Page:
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Should I castrate??

Jeanne - Simme Valley

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Article in CattleNetwork:

Cow Calf: To Castrate Or Not To Castrate??
A question commonly discussed around small town coffee shops would sound like this: “Is it worth the trouble to castrate male calves at ‘calf working time’ or should I just leave them to sell as ‘cutter bulls’?”

A survey conducted by Oklahoma State University of eastern Oklahoma livestock markets in 1997 and 1999 showed that on average, bull calves were $2.00-3.00/cwt less expensive than steers of similar weight. Other studies in other states have suggested that bull calves are currently being discounted even more. In fact, last week at the Oklahoma City National Stockyards, 416 pound feeder steer calves sold for $127.00/cwt while 400 pound feeder bull calves sold for $121.00/cwt. Both groups were graded medium and large frame, number one muscling score. Therefore the bulls that weighed only 16 pounds less, returned $44.32 less per animal. The discount gets even wider as the cattle get older and larger. A group of 626 pound feeder steers sold for 109.24/cwt in the same sale that 635 pound feeder bulls brought $94.00/cwt. In this situation the bulls, that weighed 9 pounds more, brought a whopping $86.94 per head less than the steers.

However, some of the discounts may still not be enough. Until the last few years, there has been very little information available to Oklahoma producers on the additional production costs associated with purchasing lightweight bulls vs. steers for use in a stocker operation. Therefore, the objective of several OSU studies was to evaluate differences in performance and health status of steers vs. knife-castrated or band-castrated bulls.

Stocker calves castrated well prior to purchase (steers) had significantly improved daily gain (2.35 lb/day vs. 1.77 lb/day) and dry matter intake (8.85 lb/day vs. 7.59 lb/day) for 42 days compared with calves castrated after purchase and at processing (bulls). No difference was observed in the feed:gain ratio. The number of times removed from the pen for disease treatment was significantly less for steers versus bulls, suggesting a healthier appearance. In addition, the number of treatments and time of recovery tended to be lower in steers versus bulls. One third (33.3%) of the steers were treated at least once; whereas 59.3% of the "cutter bulls" were treated at least once. None of the steers were treated more than one time; whereas 23.5% of the newly castrated bulls were treated more than once. (Berry, et al. 2001 OSU Animal Science Research Report).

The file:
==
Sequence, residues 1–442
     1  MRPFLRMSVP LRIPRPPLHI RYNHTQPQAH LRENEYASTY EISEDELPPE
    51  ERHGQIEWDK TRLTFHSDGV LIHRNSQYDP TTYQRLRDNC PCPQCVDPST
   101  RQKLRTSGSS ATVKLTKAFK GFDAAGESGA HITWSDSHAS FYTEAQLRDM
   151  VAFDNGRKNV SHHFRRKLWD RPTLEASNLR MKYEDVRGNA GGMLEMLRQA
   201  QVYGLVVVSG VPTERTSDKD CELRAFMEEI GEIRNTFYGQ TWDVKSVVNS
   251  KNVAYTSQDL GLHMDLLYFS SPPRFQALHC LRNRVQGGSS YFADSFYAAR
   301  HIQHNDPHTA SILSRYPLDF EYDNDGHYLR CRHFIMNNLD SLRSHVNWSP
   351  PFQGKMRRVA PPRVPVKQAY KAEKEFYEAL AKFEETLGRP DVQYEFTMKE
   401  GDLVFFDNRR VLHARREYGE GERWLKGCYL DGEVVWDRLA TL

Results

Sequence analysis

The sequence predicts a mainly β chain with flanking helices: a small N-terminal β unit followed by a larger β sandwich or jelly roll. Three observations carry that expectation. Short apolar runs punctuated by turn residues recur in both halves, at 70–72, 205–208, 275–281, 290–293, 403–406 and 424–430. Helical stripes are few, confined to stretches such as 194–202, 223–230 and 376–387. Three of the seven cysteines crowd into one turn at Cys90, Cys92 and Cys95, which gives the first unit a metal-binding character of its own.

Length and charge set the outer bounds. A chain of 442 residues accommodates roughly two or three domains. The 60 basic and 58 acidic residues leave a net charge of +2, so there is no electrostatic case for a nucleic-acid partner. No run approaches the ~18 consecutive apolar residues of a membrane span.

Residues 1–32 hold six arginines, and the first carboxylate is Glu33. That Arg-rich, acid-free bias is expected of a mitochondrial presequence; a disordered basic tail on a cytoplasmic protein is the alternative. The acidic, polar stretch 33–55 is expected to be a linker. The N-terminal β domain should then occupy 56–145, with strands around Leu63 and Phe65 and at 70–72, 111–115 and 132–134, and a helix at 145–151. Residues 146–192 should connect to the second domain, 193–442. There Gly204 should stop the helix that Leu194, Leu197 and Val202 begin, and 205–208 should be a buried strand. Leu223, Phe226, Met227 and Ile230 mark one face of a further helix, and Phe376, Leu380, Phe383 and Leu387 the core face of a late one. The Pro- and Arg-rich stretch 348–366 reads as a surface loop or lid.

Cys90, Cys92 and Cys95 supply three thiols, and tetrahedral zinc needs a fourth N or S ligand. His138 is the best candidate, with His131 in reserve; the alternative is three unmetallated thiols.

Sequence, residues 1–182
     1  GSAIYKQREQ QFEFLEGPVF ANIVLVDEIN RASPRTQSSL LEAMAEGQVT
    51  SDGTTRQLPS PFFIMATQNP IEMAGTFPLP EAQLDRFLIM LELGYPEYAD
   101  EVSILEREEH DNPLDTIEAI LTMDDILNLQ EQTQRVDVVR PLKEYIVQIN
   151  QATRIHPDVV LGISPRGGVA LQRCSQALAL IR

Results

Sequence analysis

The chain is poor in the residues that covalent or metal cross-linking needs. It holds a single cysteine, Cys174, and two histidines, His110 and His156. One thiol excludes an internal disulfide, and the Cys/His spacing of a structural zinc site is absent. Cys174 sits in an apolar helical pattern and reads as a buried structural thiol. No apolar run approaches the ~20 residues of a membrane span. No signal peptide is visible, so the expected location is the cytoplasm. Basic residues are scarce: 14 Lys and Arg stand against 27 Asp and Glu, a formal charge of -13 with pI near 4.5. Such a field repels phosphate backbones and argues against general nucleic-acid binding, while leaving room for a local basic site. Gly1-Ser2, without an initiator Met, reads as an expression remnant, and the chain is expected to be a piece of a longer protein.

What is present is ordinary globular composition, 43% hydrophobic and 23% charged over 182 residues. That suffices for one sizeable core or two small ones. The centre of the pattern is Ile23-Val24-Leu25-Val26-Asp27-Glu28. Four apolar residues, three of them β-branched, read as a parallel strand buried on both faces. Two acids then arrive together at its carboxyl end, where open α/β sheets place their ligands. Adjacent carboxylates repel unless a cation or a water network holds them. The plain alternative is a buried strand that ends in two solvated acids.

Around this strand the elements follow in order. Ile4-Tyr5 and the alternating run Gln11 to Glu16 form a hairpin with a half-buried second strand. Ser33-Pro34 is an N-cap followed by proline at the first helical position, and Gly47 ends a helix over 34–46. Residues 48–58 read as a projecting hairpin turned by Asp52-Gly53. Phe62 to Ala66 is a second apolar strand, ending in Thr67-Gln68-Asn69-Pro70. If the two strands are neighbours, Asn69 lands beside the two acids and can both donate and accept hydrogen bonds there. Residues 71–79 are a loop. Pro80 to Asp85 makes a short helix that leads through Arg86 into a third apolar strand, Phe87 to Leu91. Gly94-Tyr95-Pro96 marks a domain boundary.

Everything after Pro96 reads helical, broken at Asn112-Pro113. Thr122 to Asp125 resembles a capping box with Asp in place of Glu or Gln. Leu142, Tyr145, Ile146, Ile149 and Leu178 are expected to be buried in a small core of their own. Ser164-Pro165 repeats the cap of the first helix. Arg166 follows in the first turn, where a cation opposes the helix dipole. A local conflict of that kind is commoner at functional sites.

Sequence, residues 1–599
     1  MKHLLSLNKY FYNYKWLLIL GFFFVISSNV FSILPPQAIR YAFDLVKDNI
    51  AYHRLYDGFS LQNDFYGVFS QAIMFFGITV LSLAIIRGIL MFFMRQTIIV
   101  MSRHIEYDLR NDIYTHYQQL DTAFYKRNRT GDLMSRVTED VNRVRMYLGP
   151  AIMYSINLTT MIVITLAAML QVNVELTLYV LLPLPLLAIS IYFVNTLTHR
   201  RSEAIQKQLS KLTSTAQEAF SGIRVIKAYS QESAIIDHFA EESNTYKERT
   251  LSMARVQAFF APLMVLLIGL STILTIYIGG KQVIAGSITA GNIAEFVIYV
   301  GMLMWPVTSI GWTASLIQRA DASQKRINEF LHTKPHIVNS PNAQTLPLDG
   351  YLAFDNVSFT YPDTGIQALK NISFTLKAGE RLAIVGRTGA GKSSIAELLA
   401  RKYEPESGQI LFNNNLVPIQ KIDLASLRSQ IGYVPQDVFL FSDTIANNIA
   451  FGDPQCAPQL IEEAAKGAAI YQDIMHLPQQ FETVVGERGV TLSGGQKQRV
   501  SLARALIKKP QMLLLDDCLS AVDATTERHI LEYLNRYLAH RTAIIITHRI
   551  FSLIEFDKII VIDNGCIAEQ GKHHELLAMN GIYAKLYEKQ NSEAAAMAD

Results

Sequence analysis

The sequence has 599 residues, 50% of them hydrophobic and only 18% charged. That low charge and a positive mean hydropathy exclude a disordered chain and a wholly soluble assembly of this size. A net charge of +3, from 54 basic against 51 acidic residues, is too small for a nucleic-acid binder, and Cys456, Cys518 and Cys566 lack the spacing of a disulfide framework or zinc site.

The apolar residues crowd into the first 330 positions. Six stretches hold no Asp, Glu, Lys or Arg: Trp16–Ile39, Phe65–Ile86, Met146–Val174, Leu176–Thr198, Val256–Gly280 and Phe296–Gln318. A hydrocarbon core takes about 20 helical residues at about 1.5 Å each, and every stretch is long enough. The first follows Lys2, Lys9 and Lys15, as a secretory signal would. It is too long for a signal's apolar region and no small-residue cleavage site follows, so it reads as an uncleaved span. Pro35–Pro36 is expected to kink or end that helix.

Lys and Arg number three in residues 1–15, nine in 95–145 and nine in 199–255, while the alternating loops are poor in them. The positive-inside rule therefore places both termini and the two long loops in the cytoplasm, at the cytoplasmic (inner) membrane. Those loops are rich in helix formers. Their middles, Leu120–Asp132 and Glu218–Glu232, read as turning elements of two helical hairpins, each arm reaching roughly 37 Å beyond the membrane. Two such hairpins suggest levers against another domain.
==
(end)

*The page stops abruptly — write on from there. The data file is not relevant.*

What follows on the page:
Although more experiments comparing the effects of purchasing steers vs. bulls on performance, health, and economics are needed, data suggests that the lower costs per pound associated with purchasing bulls are out-weighed by the additional cost of decreased performance and increased sickness. Medical costs were much higher for bulls compared to animals purchased as steers. Medical costs escalate when cattle require more than one medical treatment. As the cattle markets put more and more emphasis on value-based marketing of feeder calves, cow calf producers can expect to be discounted increasingly for leaving male calves un-castrated.

Source: Glenn Selk, Oklahoma State University Extension Cattle Reproduction Specialist
 

rowdyred

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I think, in my situation, that it would be how many bull calves you had to sell, with a small number it would not add up to to much, so with a large number it would pay-off, also if you dont have the facilities to handle cow/calves it may not be worth it, where I live they discount around .5 cents a pound, I dont have good handling facilities yet so to me its not worth it for the few that I have.
 

ScottyB

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Where I operate, there is no difference. So in my opinion it is not worth the trouble. But if it pays off then do it. Its all about making the most money with what you got. If it makes more then do it, If not then don't. :cboy:
 

Jeanne - Simme Valley

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rowdyred":1safu164 said:
I think, in my situation, that it would be how many bull calves you had to sell, with a small number it would not add up to to much, so with a large number it would pay-off, also if you dont have the facilities to handle cow/calves it may not be worth it, where I live they discount around .5 cents a pound, I dont have good handling facilities yet so to me its not worth it for the few that I have.
You don't need facilities if you castrate them at birth.
 

greatgerts